References

  1. Shinomiya H, Uehara N, Teshima M, Kakigi A, Otsuki N, Nibu KI: Clinical management for T1 and T2 external auditory canal cancer. Auris Nasus Larynx. 2019, 46:785-9. 10.1016/j.anl.2019.02.004
  2. Yoon M, Chougule P, Dufresne R, Wanebo HJ: Localized carcinoma of the external ear is an unrecognized aggressive disease with a high propensity for local regional recurrence. Am J Surg. 1992, 164:574-7. 10.1016/s0002-9610(05)80709-3
  3. Cantù G, Bimbi G, Miceli R, et al.: Lymph node metastases in malignant tumors of the paranasal sinuses: prognostic value and treatment. Arch Otolaryngol Head Neck Surg. 2008, 134:170-7. 10.1001/archoto.2007.30
  4. Pezner RD, Moss WT, Tong D, Blasko JC, Griffin TW: Cervical lymph node metastases in patients with squamous cell carcinoma of the maxillary antrum: the role of elective irradiation of the clinically negative neck. Int J Radiat Oncol Biol Phys. 1979, 5:1977-80. 10.1016/0360-3016(79)90948-9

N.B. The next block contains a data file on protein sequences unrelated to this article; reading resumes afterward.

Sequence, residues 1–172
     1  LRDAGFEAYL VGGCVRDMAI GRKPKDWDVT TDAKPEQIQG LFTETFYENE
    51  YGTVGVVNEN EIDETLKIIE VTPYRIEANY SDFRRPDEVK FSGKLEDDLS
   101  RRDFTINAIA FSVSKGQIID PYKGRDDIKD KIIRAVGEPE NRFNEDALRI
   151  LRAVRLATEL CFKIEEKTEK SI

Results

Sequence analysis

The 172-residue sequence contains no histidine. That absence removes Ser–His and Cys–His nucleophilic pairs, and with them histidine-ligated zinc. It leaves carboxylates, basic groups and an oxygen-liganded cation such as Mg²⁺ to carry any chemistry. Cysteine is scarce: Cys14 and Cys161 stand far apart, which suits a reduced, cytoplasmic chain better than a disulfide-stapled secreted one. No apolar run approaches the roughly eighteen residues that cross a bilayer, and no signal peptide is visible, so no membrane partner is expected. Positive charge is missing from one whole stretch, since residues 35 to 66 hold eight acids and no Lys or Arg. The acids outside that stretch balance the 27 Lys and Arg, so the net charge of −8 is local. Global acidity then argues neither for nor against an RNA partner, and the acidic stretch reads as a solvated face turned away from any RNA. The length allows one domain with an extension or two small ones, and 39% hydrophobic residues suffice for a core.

5. Kondo M, Ogawa K, Inuyama Y, et al.: Prognostic factors influencing relapse of squamous cell carcinoma of the maxillary sinus. Cancer. 1985, 55:190-6. 10.1002/1097-0142(19850101)55:1<190::aid-cncr2820550130>3.0.co;2-2
  6. Mori Y, Kida Y, Matsushita Y, Mizumatsu S, Hatano M: Stereotactic radiosurgery and stereotactic radiotherapy for malignant skull base tumors. Cureus. 2020, 12:e8401. 10.7759/cureus.8401
  7. Nam GS, Moon IS, Kim JH, Kim SH, Choi JY, Son EJ: Prognostic factors affecting surgical outcomes in squamous cell carcinoma of external auditory canal. Clin Exp Otorhinolaryngol. 2018, 11:259-66. 10.21053/ceo.2017.01340
  8. Murai T, Kamata SE, Sato K, et al.: Hypofractionated stereotactic radiotherapy for auditory canal or middle ear cancer. Cancer Control. 2016, 23:311-6. 10.1177/107327481602300315
  9. Timmerman RD: An overview of hypofractionation and introduction to this issue of seminars in radiation oncology. Semin Radiat Oncol. 2008, 18:215-22. 10.1016/j.semradonc.2008.04.001

Case report
peer-reviewed